A wider role and audience for substantive law training

The pandemic helped CLEO to recognize it can play a useful role in substantive law  training across Ontario.
July 13, 2021

A wider role and audience for substantive law training

Looking down at a woman sitting on the floor cross legged with a laptop on her lap

CLEO Connect, a program of Community Legal Education Ontario (CLEO), provides training, tools, resources, and connections that help community workers support their clients who have legal problems.

This grantee spotlight comes from our 2020 annual report. Download the report.

Government programs in response to the pandemic brought relief to people losing their jobs and income. They also brought a whirlwind of questions from people looking for up-to-the-minute information they could understand and trust.

An overwhelming number of frontline workers turned to CLEO/CLEO Connect for answers. By mid-March 2020, CLEO’s communication channels, especially the live chat on its Steps to Justice website, exploded with questions, highlighting the devastating effects of the pandemic.

“It was a pretty immediate pounding of need that we heard,” says Julie Mathews, Executive Director of CLEO. “We hadn’t done substantive law training before because we recognize that legal clinics have the on-the-ground connections in their communities. But we just couldn’t ignore the groundswell. We decided to facilitate webinars and bring in community and legal experts from clinics and elsewhere who could offer timely and practical information.”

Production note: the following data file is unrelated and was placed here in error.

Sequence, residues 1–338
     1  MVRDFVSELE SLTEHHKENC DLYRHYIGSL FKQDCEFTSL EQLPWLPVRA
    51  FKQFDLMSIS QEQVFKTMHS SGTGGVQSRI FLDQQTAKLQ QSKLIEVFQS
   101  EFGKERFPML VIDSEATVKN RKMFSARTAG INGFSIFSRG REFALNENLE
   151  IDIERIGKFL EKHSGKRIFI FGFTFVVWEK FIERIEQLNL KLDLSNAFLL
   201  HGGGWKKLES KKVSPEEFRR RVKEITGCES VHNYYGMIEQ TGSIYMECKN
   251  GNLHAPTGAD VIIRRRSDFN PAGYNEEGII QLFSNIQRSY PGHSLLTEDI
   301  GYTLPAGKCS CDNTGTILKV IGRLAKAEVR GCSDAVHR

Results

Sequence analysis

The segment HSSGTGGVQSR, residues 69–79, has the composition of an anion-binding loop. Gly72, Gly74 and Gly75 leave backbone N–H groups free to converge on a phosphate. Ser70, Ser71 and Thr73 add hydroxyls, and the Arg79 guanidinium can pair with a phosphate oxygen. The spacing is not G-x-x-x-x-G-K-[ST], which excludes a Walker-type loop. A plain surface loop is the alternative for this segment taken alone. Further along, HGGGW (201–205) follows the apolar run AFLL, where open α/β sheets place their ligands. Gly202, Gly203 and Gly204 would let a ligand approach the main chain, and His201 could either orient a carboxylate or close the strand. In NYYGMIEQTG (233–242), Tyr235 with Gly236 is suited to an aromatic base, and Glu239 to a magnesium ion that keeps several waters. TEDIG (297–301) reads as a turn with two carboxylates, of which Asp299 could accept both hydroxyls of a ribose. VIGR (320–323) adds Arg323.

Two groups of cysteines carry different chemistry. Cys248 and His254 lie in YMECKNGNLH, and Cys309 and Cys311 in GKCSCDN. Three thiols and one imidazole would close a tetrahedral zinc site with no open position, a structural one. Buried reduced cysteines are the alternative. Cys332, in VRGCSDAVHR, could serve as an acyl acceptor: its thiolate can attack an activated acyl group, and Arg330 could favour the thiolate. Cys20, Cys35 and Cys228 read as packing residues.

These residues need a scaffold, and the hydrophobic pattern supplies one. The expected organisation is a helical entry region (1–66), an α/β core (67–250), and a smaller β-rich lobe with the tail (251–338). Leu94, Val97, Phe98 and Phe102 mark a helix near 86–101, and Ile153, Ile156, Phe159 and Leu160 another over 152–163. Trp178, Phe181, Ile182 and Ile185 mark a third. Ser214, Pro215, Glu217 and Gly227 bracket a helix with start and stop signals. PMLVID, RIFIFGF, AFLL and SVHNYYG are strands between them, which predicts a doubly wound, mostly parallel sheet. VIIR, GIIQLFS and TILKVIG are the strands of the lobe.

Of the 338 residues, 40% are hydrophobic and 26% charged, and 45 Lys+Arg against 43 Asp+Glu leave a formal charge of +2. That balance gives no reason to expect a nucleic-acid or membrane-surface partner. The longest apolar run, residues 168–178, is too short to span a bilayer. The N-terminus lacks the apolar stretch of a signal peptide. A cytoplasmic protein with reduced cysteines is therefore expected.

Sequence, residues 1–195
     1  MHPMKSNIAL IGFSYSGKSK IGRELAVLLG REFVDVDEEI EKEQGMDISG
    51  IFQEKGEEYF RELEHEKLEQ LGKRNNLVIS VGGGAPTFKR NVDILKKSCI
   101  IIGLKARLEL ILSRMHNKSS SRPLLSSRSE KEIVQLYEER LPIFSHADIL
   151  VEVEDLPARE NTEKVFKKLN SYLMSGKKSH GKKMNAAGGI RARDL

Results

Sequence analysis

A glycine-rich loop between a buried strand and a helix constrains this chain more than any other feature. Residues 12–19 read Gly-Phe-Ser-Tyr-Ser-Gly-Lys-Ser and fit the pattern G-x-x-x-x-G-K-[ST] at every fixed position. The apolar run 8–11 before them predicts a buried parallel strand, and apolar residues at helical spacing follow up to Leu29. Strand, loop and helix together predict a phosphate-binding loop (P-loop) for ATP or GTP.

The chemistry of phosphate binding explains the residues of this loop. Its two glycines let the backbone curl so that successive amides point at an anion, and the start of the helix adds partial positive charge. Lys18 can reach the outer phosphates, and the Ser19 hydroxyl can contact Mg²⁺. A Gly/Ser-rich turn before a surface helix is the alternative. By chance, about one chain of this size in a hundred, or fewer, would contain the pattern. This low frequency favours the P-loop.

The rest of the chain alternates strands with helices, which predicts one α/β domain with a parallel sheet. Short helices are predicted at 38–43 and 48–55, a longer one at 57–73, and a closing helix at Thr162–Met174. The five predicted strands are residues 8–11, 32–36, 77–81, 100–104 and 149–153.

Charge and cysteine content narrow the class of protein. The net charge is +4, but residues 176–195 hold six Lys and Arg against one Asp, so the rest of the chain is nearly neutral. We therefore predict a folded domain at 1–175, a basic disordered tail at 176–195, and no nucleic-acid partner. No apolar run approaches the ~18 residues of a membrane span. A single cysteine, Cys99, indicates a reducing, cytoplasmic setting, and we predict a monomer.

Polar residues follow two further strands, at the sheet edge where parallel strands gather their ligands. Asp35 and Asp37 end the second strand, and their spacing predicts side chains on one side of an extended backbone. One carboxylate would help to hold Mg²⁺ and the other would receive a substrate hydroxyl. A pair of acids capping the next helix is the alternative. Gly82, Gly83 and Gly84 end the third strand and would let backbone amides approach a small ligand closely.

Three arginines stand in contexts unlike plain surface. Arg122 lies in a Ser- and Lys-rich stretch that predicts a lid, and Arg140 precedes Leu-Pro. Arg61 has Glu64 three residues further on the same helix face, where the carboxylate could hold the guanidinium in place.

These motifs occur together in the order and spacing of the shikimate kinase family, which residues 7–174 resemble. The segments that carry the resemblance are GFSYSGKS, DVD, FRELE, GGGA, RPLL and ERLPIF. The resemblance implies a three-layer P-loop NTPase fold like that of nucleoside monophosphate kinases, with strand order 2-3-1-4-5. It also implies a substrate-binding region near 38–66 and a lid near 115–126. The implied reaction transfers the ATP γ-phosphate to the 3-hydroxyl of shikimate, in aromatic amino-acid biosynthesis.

Within weeks, CLEO Connect pivoted from its usual trainings and launched its first COVID-19 Hot Legal Topics webinar. This evolved into a 15-webinar series that addressed the urgent questions that community workers were hearing from their clients about income assistance (CERB, EI), workers’ rights, immigration, tenants’ rights, and family law and domestic violence.

The webinars clearly met a need. More than 4,500 participants attended from organizations like: Ontario Works; health units; school boards; women’s crisis centres; settlement agencies; municipalities; MPP constituency offices; and a variety of other nonprofits.

“COVID pushed us to recognize that we can play a useful role in substantive law  training,” says Julie. “We realized we could leverage our extensive networks and take advantage of our province-wide reach to get the information out quite widely.”